We got some more snow over the weekend, well within normal for March in Michigan — maybe three new inches. But Columbus, which by March is usually well into the mud/freezing rain/defrosting dog poo stage of winter, got a foot and a half, maybe more. My brother said it was so bad, he closed his bar. Then he called one of the TV stations, to get it added to the ever-lengthening closings list.
“Um,” she said. “Is this….an institution?”
“Hell yes it’s an institution,” he replied. “It’s a bar in Obetz! That’s like a church!”
“Sir,” she said. “I don’t think you’re being serious with me.”
Well, in a blizzard, all the serious is being hogged by people trying to drive.
I said last fall that I wanted lots of snow this winter, and I guess I got my wish. (As for our boating fortunes this year, in the god-I-hope-our-slip-isn’t-dry sense of things, I go for cautiously optimistic.) I’m still not really tired of winter yet. I miss my bicycle and the color green, but so much of coping with cold weather comes down to having the sense to wear a decent coat and boots. Still, there was a moment Saturday when I turned a corner and was hit in the face by a blast of wind, and thought: OK, enough. By week’s end the temperature should be nudging 50. That’ll do.
The student film is done. I left at the DVD-burning point, which was four hours into our last editing session. I’d recommend a class like this to anyone who likes movies, just so you can see what it takes to make even a very very small one. You’ll learn why “creative differences” are such a big factor in Hollywood. We spent an hour tweaking audio filters to get the right sound on a 30-second phone conversation, so that when we cut to one character while the other one was still talking, the voice would sound like it was coming through a telephone. There’s a strong tendency, at every step of the game, to say, “Screw it. This is good enough.” You need a few perfectionists in the room.
But here’s the best thing: This really is a creative outlet that is truly collaborative, and if you have the right collaboration, it becomes more than the sum of its parts. I’ll treasure the wonder I felt at every step of the process as our three-minute story came together. I also learned a thing or two about cheats for no-budget storytelling; one scene was lit by two hand-held flashlights. It was great fun, and I can’t wait to take the next class. And yes, I’ll post the video eventually, but please be gentle.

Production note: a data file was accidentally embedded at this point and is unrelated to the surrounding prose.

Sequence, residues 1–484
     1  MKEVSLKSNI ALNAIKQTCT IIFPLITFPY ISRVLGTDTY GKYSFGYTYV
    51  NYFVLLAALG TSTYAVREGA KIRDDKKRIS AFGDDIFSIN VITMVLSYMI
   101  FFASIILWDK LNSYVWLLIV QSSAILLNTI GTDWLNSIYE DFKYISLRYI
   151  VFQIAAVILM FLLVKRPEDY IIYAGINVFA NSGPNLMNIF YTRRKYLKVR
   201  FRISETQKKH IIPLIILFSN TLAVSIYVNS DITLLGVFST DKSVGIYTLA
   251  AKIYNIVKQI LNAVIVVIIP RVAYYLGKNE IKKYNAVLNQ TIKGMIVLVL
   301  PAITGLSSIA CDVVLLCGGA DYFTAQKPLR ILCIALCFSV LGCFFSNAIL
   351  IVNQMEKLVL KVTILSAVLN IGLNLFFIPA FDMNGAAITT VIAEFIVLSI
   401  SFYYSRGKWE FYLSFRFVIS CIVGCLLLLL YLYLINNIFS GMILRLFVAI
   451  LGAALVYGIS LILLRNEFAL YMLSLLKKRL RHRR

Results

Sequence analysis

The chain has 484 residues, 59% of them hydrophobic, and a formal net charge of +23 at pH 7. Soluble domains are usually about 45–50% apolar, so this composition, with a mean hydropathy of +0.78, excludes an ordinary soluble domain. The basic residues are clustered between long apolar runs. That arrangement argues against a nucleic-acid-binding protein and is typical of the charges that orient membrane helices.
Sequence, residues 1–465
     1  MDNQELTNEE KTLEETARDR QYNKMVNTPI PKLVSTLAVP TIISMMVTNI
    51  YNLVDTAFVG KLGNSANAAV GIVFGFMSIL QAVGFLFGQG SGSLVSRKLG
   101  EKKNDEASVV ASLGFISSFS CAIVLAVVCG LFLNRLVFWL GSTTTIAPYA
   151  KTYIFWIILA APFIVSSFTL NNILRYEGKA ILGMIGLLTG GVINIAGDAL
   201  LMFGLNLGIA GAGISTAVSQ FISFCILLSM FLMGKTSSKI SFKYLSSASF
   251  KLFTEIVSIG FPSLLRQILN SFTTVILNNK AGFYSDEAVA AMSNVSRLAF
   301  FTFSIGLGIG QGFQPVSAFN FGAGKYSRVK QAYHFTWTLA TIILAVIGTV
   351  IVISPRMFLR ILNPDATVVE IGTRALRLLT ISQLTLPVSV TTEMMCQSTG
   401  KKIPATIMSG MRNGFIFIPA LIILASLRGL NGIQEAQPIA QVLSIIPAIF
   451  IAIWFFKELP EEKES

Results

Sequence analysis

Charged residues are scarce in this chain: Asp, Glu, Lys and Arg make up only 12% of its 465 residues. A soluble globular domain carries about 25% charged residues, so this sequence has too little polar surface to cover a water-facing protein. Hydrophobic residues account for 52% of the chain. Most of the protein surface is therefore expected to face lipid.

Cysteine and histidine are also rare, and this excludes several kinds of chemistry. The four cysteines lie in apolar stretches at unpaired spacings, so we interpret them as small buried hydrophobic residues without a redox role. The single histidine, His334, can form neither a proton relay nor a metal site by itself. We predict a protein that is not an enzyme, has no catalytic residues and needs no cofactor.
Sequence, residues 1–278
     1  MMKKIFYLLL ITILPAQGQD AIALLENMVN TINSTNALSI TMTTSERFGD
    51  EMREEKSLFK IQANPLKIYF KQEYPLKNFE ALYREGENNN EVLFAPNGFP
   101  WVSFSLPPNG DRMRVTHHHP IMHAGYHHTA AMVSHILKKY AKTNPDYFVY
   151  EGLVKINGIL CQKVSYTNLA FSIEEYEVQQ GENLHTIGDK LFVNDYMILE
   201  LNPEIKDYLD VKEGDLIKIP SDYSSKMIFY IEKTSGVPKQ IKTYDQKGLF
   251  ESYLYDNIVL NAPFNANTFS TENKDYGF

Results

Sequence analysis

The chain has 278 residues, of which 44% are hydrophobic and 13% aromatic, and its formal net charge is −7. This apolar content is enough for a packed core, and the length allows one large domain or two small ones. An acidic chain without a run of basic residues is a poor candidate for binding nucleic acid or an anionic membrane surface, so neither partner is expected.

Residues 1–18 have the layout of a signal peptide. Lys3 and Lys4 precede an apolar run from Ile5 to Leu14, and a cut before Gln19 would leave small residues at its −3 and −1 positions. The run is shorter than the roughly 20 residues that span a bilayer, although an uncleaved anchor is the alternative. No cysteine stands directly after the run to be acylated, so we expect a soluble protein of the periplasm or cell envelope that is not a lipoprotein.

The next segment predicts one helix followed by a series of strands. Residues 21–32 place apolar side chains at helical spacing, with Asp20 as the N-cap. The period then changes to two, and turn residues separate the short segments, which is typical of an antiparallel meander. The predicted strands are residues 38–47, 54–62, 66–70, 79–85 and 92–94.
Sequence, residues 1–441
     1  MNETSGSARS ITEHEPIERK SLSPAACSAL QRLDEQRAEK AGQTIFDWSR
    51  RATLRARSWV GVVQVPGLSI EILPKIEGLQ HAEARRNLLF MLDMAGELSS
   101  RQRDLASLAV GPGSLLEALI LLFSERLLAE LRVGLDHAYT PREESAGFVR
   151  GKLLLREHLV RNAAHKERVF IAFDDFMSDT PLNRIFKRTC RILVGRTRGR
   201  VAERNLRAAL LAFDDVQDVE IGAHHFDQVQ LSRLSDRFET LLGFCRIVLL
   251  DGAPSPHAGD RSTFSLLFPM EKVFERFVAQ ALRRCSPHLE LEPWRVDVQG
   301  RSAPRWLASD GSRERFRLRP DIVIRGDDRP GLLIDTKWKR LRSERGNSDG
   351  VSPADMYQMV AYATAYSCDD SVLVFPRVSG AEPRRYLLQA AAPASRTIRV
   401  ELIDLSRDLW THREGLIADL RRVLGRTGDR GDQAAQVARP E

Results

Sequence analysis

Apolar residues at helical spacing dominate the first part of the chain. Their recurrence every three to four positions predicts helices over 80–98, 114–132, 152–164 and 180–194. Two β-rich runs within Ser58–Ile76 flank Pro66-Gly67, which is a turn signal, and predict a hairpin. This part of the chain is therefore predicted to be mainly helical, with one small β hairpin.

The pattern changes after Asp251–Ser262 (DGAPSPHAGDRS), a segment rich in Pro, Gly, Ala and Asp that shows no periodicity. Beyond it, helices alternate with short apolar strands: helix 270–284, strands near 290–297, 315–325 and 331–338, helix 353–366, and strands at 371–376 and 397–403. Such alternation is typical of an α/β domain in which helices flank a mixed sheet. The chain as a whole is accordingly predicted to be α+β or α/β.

So, Monday-morning bloggage for you folks to fight about:
The qualifier, now an ongoing series: Mitch Albom spends 60 percent of his Sunday metro column outlining two cases of bad behavior caught on video and seen widely on the internet (the puppy-throwing soldiers and car-wash mom, for those of you who keep up with such things). Then…wait for it…the qualifier:
Now, I am not condoning either act — not the dog fling, not the hosing. Neither was smart or necessary. Both seem cold, cruel, even deplorable. But I wonder where we are going when every moment of every life is filmed.
The only thing that could make that passage better would be a “dare I say” inserted between “cruel” and “even deplorable.”
Another shoe drops in the Detroit text-message scandal. We are shocked, shocked to find it’s about more than sex. In fact, it’s about sweetheart deals and other glories of life in a corrupt city. By 2002, I was certainly aware that it was perfectly legal for my bosses to look at my company e-mail. (In fact, I often wondered if they were, and was sure to give them lots of juicy reading material.) What sort of moron sends stuff like this over a public (translation: where bosses = everyone) network?
In a message on Oct. 30, 2002, (mayoral chief of staff Christine) Beatty asked him how much she owed (mayoral friend and favored contractor) Bobby Ferguson for the driveway he poured at her Detroit home.
“Ya know ya my sister,” he replied. “Family don’t worry about shit like money.”
Finally, Laura Lippman’s new book, “Another Thing to Fall,” hits stores tomorrow. Run out and buy it and make the Lippman-Simon Co-Prosperity Sphere’s March 2008 one to remember. Plot synopsis: Lippman’s P.I., Tess Monaghan, investigates shenanigans on the set of a TV series filmed in Baltimore. No, not that one. (Which reminds me: Wire-blogging reaches its crescendo over at The New Package. Distracted as I was last week by my other life, your correspondent will check in…eventually. The new slackage!
OK, that’s it for me. I have a story to write, and have to readjust my head into money-making mode.